The Constitution was made to guard the people against the dangers of good intentions." --American Statesman Daniel Webster (1782-1852)

Monday, July 2, 2012

Royal Military Tattoo

There is something about watching a precision unit performing drill.  The sheer amount of practice necessary for the individual and the unit to perform the sheer amount of movement and choreograph is very impressive.  On my bucket list is a trip to Edinburgh to watch a tattoo.

    You can go to Link to get more information. 
      And here is another Linkie

The word "Tattoo," is derived from "Doe den tap toe", or just "tap toe" ("toe" is pronounced "too"), the Dutch for "Last orders". Translated literally, it means: "close the (beer) tap". The term "Tap-toe" was first encountered by the British Army when stationed in Flanders during the War of the Austrian Succession.
The British adopted the practice and it became a signal, played by a regiment's Corps of Drums or Pipes and Drums each night to tavern owners to turn off the taps of their ale kegs so that the soldiers would retire to their billeted lodgings at a reasonable hour. With the establishment of modern barracks and full Military bands later in the 18th century, the term Tattoo was used to describe not only the last duty call of the day, but also a ceremonial form of evening entertainment performed by Military musicians.[1]
Although the first Tattoo in Edinburgh, entitled "Something About a Soldier", took place at the Ross Bandstand at Princes Street Gardens in 1949, the first official Edinburgh Military Tattoo began in 1950 with just eight items in the programme. It drew some 6000 spectators seated in simple bench and scaffold structures around the north, south and east sides of the Edinburgh Castle esplanade. In 1952, the capacity of the stands was increased to accommodate a nightly audience of 7700, allowing 160,000 to watch live performances each year.

       More from Wiki

Tattoo Shop
Visit the Tattoo Shop where you will find an exciting range of Scottish gifts and merchandise, together with Tattoo branded clothing, CDs, DVDs and much more. 
» click here to find out more

The 2012 Royal Edinburgh Military Tattoo

In 2012 (3-25 August), Edinburgh once again hosts one of the World's most spectacular entertainment events as The Royal Edinburgh Military Tattoo draws together a host of creative talent from four continents to pay sparkling tribute to Her Majesty Queen Elizabeth's Diamond Jubilee and the year of Creative Scotland.
This will be the 62nd extravaganza to be staged at the Scottish capital's ancient Castle - a spectacular and inspiring backcloth for this remarkable and internationally acclaimed event.  With innovative production, heart-stopping sound, imaginative graphics, state-of-the-art lighting and specially commissioned fireworks, the 90-minute show is set to captivate a large cosmopolitan audience.    The line-up of nearly 1000 performers includes hundreds of musicians, pipers, drummers, singers and dancers, as well as one of the World's most sensational percussion groups: Switzerland's Top Secret Drum Corps.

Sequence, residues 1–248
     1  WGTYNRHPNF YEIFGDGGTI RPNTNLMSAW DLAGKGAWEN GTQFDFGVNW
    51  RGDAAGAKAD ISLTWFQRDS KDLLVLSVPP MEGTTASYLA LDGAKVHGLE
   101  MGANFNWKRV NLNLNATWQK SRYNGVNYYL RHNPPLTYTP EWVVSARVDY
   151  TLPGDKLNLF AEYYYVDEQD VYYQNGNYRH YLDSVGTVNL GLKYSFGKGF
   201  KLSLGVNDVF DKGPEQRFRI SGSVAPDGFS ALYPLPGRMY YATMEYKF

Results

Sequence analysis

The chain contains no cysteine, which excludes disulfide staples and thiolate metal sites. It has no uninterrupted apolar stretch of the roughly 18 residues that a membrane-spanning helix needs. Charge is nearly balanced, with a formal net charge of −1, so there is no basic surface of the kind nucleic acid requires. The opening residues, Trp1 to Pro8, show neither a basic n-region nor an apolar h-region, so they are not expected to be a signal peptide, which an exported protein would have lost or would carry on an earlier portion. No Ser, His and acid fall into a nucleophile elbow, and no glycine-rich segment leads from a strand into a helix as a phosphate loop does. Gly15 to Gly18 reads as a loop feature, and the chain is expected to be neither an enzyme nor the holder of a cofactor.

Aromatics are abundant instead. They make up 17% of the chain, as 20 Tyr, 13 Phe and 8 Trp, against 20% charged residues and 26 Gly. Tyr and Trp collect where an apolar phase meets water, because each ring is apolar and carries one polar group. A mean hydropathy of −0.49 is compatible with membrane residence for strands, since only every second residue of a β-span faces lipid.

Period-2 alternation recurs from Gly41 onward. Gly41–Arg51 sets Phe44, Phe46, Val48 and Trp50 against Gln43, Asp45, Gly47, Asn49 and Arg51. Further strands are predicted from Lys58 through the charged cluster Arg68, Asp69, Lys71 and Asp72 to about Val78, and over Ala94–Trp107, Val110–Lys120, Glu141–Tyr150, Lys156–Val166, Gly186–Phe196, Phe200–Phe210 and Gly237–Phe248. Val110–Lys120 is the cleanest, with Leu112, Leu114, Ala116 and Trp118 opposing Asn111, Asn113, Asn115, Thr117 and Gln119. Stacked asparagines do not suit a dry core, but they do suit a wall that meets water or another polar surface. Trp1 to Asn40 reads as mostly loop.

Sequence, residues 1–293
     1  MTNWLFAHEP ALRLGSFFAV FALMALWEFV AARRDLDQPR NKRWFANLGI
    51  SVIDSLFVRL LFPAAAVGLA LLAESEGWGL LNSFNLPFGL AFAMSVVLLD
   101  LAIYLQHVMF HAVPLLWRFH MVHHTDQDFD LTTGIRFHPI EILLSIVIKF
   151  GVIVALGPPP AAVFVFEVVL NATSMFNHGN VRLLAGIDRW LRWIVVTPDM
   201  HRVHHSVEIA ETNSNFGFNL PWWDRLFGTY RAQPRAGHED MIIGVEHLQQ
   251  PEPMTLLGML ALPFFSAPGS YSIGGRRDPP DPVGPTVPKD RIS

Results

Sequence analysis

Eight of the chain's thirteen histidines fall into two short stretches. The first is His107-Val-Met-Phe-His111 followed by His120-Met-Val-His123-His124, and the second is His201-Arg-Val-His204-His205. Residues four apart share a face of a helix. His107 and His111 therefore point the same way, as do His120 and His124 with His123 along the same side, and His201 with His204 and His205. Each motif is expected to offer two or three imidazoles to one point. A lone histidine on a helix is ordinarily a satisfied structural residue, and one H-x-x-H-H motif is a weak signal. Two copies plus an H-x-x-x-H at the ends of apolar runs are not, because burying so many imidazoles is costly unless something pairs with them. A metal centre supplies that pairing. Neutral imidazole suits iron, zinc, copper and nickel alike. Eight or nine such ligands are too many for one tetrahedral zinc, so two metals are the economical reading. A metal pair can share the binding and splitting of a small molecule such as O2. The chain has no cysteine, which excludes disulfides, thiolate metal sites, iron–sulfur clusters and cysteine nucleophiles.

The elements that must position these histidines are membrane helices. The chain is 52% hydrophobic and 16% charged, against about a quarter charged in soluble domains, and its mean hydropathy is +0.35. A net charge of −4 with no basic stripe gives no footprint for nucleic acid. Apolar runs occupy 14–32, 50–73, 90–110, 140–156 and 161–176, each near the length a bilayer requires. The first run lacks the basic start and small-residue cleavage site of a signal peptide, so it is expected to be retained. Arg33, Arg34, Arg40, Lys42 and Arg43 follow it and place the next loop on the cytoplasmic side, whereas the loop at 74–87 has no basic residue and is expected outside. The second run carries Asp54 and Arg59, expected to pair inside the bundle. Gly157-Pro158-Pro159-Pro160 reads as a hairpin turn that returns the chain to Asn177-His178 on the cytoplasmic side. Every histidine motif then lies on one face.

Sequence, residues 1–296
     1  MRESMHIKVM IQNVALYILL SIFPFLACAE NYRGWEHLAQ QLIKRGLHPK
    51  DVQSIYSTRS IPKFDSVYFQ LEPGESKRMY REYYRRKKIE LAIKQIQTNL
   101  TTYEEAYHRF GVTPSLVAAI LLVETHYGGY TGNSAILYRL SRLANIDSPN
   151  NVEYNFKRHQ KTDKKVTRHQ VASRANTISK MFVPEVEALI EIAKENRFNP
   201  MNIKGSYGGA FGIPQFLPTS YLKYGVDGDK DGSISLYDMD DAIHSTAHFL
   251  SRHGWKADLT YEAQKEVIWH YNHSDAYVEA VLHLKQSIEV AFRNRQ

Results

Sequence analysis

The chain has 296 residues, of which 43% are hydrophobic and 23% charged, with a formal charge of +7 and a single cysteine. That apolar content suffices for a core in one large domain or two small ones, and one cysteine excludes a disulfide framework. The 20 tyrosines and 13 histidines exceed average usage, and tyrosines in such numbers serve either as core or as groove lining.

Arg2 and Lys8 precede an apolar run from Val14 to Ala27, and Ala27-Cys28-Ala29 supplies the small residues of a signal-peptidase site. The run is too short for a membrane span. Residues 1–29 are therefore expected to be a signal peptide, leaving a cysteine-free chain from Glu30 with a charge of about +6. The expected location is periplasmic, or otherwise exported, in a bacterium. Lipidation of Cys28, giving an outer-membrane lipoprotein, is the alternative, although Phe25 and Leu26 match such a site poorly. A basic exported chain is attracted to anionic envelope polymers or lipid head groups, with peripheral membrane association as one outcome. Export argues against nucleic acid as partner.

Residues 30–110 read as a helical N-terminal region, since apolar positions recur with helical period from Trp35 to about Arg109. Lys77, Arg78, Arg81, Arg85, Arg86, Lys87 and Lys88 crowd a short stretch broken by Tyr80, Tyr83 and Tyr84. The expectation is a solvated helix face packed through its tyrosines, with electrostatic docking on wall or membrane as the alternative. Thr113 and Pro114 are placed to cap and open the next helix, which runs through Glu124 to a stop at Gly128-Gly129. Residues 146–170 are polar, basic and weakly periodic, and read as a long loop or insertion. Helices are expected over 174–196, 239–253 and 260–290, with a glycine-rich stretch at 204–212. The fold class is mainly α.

As ever, the emphasis is on sheer scale, colourful tradition, music, movement and spectacle with the show looking forward to delighting an international crowd with a rich story and setting.
The world-renowned display unit from the Norwegian Armed Forces - His Majesty The King's Guard Band and Drill Team - will deliver an extraordinary display of discipline and precision, whilst dancers from home and abroad are set to provide exhilarating and inspired performances, drawn firmly from the Scottish tradition but with a contemporary edge. 
A strong Commonwealth contribution includes pipe bands and performers from Australia, Canada, South Africa and New Zealand, as well as elements from further afield.  
As always, the exciting programme will include the unforgettable music of the Massed Pipes and Drums and the Massed Military Bands.  Among the many bands taking part will be The Royal Regiment of Scotland and a stunning Combined Band drawn from The Royal Navy, Army and the Royal Air Force. 
The show will be brought to an emotional and poignant close each evening as the Lone Piper, high on the castle ramparts, plays a haunting lament.

Programme subject to alteration

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